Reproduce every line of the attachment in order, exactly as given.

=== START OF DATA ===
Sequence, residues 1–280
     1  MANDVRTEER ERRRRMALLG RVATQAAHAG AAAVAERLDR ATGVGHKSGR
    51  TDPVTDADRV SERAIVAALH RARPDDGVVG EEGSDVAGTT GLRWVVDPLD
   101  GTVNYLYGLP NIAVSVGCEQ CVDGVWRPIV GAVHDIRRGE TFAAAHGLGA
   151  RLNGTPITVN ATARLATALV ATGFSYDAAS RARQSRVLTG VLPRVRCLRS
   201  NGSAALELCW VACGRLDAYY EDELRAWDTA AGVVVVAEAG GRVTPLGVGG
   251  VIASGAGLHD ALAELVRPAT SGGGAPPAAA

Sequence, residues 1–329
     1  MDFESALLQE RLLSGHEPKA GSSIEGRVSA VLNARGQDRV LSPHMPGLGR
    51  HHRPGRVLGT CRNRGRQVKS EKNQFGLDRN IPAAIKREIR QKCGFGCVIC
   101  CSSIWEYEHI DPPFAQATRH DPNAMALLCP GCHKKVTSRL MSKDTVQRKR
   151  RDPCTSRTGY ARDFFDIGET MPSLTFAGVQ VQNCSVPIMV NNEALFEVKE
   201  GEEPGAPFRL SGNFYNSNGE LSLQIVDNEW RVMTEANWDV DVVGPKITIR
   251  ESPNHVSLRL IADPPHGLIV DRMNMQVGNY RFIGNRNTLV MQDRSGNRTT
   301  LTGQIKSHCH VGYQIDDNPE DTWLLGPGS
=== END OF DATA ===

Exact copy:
Sequence, residues 1–280
     1  MANDVRTEER ERRRRMALLG RVATQAAHAG AAAVAERLDR ATGVGHKSGR
    51  TDPVTDADRV SERAIVAALH RARPDDGVVG EEGSDVAGTT GLRWVVDPLD
   101  GTVNYLYGLP NIAVSVGCEQ CVDGVWRPIV GAVHDIRRGE TFAAAHGLGA
   151  RLNGTPITVN ATARLATALV ATGFSYDAAS RARQSRVLTG VLPRVRCLRS
   201  NGSAALELCW VACGRLDAYY EDELRAWDTA AGVVVVAEAG GRVTPLGVGG
   251  VIASGAGLHD ALAELVRPAT SGGGAPPAAA

Sequence, residues 1–329
     1  MDFESALLQE RLLSGHEPKA GSSIEGRVSA VLNARGQDRV LSPHMPGLGR
    51  HHRPGRVLGT CRNRGRQVKS EKNQFGLDRN IPAAIKREIR QKCGFGCVIC
   101  CSSIWEYEHI DPPFAQATRH DPNAMALLCP GCHKKVTSRL MSKDTVQRKR
   151  RDPCTSRTGY ARDFFDIGET MPSLTFAGVQ VQNCSVPIMV NNEALFEVKE
   201  GEEPGAPFRL SGNFYNSNGE LSLQIVDNEW RVMTEANWDV DVVGPKITIR
   251  ESPNHVSLRL IADPPHGLIV DRMNMQVGNY RFIGNRNTLV MQDRSGNRTT
   301  LTGQIKSHCH VGYQIDDNPE DTWLLGPGS